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author
Andén, Karin LU
supervisor
organization
course
SIMV07 20161
year
type
H2 - Master's Degree (Two Years)
subject
keywords
Political Communication, Social Network Sites, Facebook, Asylum Policy, Framing
language
English
id
8890447
date added to LUP
2016-09-29 15:03:24
date last changed
2016-09-29 15:03:24
@misc{8890447,
  abstract     = {This is an ethnographic study on how refugees and policies on asylum and immigration was debated on Facebook in Sweden during the so called ‘refugee crisis’. This study analysed the relation between the Facebook debate, and the way news media framed the ‘refugee crisis’ during three months in which Swedish asylum policy changed drastically: September 2015, November 2015 and January 2016. In September, the receiving of asylum seekers was primarily described as something positive in news media. Refugees were represented as suffering and in need of help. At this time, the engagement for refugees was very strong on Facebook, and a large number of users interacted with posts that expressed support to refugees and to a generous asylum policy. Among those arguing for a restrictive asylum policy, the most viral posts did also describe a will to help refugees in September. In November, receiving asylum seekers was primarily described as something negative in news media: since a large number of asylum seekers could harm Sweden’s system and that asylum seekers could be potential a security threat. Opinion leaders arguing for a restrictive asylum policy had a more aggressive rhetoric when news media to a larger degree described asylum seekers as a problem. Among opinions leaders arguing for a generous asylum policy, the level of user engagement decreased in November and January. During all three months there was a strong polarisation on the Facebook pages examined in this study and the ‘refugee crisis’ was perceived in two very different ways. Those arguing for a generous asylum policy meant that human beings were suffering and in need of help and those who argued for a restrictive asylum policy argued that immigration was expensive and that immigrants could pose a threat to Swedish citizens. There were also many contemptuous comments on foreigners and foreign cultures among people who were opposed to receiving refugees. Especially in September, there were many discussions between Facebook users with different opinions on Swedish asylum policy. However, deliberate discussions were rare between opponents, and most users seemed to prefer talking to those who shared their own opinion. In total the 165 Facebook posts analysed in this study received close to one million ‘likes’, indicating that Facebook is an important arena for political communication in Sweden.},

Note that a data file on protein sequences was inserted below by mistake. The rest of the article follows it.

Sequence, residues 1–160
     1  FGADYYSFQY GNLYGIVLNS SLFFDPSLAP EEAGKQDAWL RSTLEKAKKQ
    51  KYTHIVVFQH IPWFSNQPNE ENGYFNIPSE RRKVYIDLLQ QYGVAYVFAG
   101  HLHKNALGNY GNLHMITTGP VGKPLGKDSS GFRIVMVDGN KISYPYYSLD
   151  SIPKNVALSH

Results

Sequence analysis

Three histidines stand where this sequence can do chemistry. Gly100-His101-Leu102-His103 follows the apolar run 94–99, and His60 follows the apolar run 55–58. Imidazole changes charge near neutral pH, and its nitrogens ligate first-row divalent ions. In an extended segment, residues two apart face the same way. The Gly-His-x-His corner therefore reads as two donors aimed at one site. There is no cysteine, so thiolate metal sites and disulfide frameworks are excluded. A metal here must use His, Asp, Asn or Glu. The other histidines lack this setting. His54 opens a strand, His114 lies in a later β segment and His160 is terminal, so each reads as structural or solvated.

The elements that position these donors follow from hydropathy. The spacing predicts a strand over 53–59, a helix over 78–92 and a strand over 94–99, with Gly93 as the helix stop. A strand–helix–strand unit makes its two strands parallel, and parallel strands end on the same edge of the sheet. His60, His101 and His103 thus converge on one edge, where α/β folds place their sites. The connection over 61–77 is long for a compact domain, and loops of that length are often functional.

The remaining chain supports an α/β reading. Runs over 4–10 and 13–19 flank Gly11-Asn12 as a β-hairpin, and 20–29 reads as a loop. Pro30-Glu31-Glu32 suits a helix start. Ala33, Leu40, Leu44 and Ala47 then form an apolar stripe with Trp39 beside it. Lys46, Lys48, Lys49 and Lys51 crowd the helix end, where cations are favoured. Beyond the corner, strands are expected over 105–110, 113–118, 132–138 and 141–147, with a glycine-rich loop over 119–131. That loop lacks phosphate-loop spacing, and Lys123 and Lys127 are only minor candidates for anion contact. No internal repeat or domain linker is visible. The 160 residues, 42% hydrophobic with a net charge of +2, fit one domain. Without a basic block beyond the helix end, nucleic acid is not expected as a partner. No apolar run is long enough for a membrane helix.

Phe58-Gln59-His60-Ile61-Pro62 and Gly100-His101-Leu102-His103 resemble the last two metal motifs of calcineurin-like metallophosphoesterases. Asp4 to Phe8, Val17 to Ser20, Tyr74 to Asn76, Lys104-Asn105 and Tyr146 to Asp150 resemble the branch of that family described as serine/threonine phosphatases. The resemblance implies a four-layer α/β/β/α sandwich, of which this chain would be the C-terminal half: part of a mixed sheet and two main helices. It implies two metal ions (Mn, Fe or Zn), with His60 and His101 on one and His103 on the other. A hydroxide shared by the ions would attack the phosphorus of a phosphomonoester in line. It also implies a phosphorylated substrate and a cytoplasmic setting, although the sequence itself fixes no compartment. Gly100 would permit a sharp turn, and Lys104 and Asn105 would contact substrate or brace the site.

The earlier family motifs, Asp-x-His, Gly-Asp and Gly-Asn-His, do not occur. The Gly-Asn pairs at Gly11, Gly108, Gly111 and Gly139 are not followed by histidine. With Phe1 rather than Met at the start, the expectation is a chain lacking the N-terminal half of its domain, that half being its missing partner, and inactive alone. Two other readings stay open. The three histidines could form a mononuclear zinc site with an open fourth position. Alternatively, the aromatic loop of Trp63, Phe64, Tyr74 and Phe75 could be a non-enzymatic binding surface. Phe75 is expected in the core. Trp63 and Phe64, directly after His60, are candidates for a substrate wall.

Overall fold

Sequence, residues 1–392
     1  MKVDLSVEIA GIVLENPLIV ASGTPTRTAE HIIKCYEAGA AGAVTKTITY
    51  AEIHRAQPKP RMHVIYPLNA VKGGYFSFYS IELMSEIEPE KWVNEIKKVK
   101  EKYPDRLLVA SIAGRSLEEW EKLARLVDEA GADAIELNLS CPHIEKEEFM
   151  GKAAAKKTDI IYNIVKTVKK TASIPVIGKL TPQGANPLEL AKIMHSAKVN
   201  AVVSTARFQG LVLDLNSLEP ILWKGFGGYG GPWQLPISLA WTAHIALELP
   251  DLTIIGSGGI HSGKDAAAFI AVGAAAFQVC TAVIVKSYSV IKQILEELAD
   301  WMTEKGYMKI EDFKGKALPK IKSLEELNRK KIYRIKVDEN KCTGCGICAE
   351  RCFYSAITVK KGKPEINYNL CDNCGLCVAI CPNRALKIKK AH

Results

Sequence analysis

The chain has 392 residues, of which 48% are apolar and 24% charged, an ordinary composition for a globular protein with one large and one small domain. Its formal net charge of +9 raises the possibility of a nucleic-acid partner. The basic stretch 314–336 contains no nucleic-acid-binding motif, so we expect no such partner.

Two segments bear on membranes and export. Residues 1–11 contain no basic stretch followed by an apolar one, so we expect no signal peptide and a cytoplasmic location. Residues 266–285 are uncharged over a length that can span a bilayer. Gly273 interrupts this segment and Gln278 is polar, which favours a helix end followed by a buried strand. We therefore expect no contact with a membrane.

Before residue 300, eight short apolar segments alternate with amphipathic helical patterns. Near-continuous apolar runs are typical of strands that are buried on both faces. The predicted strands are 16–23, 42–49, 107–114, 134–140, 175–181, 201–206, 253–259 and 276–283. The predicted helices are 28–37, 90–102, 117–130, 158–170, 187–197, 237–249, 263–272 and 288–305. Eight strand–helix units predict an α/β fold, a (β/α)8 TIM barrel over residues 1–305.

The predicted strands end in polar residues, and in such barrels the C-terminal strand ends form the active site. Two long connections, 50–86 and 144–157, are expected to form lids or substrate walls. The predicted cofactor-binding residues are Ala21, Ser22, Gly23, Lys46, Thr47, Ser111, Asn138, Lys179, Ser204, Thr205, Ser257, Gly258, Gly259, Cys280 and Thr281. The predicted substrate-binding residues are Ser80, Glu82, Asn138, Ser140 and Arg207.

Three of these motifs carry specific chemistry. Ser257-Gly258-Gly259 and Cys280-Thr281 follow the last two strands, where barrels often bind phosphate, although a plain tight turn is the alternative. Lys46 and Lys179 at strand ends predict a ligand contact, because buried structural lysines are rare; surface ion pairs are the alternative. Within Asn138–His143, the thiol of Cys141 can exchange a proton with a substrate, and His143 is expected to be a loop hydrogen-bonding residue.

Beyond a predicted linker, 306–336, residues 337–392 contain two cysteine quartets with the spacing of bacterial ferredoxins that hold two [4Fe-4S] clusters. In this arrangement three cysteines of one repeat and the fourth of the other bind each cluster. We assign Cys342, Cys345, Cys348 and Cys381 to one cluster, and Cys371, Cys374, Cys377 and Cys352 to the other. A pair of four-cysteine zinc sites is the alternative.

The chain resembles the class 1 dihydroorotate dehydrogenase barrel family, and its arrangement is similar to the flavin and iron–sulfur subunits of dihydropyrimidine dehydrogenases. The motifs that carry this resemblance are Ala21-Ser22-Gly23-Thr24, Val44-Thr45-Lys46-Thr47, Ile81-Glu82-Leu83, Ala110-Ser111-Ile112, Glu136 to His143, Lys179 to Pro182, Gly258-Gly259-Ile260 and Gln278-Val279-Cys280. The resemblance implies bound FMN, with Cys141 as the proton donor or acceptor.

author       = {Andén, Karin},
  keyword      = {Political Communication,Social Network Sites,Facebook,Asylum Policy,Framing},
  language     = {eng},
  note         = {Student Paper},
  title        = {The ‘Refugee Crisis’ On Facebook},
  year         = {2016},
}